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Guest Voz: It’s a journey for Latino immigrants to learn to “simply just be”

By Ana Champagne

I am a mental health clinician and a former refugee from Nicaragua – raised in two cultures or shall I say “two worlds”…”this one” and “that one” or “The Latina” and “The Americana.”

Upon arrival in the U.S. from Nicaragua – I experienced firsthand the difficulty of acculturation and assimilation into a new culture. As Latino immigrants, we are often faced with the fact that we are a product of two different cultures.

We have had to or have chosen to leave our native lands in hope of a better future and establish a new culture with and for our families, in a new and different world. Oftentimes we’ve been faced with language challenges and economic hardships.

The Challenges – Barriers

Language was a barrier keeping the foreign apart from the new. As Hispanos or Latinos we have had to survive and adjust to a new world with a foreign language and different culture, norms and way of life. I can personally identify with the emotional struggles Latino immigrants have endured.

These struggles that at one point in our lives may have brought depression, financial hardship, anxiety, or exacerbated mental health issues as we adjusted to our new lives.

The Emotional

It is very important to acknowledge and pay respect to the efforts and journey every Latino immigrant has made. If you are a Latino immigrant, feelings of being out of place, lost, sad, depressed, and like you just don’t fit in are feelings I have found, both from personal experience and in my clinical work, are completely normal.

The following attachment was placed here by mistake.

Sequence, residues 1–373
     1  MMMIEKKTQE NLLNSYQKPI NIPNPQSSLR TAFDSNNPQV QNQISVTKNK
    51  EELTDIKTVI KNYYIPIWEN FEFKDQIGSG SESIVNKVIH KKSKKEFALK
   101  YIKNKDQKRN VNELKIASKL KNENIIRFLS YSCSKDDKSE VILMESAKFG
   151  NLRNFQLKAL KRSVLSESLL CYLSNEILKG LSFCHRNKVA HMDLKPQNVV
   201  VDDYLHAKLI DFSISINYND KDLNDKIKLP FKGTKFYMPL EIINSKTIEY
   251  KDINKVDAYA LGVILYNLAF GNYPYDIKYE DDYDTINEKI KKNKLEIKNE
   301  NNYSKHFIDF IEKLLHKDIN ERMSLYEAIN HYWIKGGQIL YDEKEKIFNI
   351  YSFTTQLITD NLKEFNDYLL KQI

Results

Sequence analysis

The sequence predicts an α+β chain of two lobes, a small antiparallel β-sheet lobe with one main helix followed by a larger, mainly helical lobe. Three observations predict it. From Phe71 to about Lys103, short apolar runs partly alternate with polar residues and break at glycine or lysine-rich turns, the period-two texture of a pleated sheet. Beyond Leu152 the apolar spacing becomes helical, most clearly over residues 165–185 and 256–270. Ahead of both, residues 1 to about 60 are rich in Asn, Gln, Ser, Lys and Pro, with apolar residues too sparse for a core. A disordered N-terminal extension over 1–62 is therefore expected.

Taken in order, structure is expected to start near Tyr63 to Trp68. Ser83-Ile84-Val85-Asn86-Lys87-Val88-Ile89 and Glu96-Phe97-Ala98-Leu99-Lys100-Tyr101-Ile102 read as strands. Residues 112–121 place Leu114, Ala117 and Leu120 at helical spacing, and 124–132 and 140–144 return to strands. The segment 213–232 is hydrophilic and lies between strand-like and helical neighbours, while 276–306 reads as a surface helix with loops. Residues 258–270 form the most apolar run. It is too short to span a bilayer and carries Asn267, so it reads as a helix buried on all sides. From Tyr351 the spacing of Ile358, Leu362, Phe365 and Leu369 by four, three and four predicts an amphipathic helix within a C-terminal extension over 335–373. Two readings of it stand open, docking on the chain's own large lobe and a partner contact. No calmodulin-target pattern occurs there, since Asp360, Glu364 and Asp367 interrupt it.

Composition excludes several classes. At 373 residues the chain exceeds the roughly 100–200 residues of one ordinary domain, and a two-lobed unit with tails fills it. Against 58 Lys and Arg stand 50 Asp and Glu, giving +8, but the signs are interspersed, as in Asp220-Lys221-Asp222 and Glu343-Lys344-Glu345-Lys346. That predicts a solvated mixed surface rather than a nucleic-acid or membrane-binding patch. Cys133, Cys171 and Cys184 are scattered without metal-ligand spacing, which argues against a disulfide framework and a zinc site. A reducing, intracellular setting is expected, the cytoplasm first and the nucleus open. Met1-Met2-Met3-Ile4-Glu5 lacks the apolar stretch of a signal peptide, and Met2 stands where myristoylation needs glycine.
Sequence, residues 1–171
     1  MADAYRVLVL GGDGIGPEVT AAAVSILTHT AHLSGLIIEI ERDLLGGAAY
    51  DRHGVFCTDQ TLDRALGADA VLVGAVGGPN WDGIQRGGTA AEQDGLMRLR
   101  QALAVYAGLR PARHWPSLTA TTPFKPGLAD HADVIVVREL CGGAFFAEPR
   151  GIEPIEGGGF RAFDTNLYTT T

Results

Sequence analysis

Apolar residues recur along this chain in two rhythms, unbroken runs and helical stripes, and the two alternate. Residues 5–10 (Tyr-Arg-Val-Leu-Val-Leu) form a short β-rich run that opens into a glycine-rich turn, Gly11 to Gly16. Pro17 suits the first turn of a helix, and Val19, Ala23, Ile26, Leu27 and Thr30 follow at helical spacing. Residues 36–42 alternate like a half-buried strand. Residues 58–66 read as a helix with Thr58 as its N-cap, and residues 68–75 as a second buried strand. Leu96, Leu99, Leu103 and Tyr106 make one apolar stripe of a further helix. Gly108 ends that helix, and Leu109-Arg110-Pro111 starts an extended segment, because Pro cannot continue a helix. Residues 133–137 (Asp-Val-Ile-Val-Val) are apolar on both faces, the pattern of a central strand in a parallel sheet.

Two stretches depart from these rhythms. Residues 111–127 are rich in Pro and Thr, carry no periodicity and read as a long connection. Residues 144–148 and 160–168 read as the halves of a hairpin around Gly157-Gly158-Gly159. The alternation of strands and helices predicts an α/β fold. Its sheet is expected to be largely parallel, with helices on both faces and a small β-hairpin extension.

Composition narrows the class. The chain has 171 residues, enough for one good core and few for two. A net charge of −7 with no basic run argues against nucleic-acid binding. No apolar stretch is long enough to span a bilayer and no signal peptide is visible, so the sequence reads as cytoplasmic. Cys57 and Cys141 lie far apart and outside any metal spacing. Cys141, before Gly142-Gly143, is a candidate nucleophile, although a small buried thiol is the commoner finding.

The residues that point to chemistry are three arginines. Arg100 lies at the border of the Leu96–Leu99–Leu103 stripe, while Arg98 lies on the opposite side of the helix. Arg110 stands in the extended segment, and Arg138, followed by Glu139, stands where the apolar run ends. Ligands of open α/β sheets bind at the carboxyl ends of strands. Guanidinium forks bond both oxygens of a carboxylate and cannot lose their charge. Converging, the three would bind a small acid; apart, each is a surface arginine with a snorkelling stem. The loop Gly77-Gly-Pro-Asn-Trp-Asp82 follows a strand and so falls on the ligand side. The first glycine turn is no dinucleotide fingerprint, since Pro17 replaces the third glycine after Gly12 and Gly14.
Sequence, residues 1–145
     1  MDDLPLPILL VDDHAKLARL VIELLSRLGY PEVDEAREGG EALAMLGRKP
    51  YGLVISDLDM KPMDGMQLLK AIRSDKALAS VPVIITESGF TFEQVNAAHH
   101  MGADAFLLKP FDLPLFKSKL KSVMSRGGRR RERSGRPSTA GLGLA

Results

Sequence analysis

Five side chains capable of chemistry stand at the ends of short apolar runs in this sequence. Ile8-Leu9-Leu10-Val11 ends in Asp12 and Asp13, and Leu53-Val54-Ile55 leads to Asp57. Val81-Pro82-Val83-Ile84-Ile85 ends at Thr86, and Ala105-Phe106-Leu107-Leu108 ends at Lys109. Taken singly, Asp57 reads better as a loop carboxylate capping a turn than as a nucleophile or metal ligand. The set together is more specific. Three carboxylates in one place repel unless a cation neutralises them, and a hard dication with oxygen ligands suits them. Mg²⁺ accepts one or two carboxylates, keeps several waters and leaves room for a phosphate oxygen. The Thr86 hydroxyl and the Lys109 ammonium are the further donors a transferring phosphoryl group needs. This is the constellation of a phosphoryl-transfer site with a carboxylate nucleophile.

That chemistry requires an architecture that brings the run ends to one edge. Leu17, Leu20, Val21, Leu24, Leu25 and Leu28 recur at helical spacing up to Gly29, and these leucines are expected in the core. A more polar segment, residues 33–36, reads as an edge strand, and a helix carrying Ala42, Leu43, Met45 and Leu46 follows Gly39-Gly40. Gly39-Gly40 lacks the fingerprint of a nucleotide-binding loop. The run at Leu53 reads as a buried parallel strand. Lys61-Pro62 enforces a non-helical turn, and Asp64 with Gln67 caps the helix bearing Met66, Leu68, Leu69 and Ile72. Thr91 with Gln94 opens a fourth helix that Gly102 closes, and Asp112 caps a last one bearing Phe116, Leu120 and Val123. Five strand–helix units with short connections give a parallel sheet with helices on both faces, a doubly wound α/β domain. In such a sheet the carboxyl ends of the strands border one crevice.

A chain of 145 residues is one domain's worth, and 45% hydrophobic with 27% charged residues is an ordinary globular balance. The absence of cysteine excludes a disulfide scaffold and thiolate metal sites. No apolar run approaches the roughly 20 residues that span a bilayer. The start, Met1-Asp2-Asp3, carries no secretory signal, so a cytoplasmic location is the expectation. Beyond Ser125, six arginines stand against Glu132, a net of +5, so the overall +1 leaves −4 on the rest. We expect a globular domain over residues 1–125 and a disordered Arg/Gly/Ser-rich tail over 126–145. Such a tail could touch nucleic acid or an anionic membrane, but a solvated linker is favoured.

The Adjustment & Joining; the U.S. Community

There is a period of adjustment that depends on several factors. Your desire to become part of the dominant culture versus isolate yourself from those different than you will play a major role. In many cases, we learn the English language in order to make a living and become part of the workforce.

It is very important for those new immigrants to establish a sense of community as soon as possible. Some helpful things are to attend church, live near family or a supportive network of friends. Familiarize yourself with your surroundings, don’t be afraid to go out and enjoy yourself, after all you are an important part of your community.

Remember you are living in a world created by immigrants – the U.S. – and there are people from many different countries around you feeling the same way you are, you are not alone.

Latinos have played a major role in history and you too are a part of this. Learn to develop and recreate a new culture for yourself and take pride in being a bi-cultural Latina/o.

You don’t have to be neither from here nor there — but simply, just be!

Ana Champagne is an Aurora, Colorado-based Marriage and Family Therapist, as well as, a registered psychotherapist who practices psychotherapy at Insightful Solutions Counseling.

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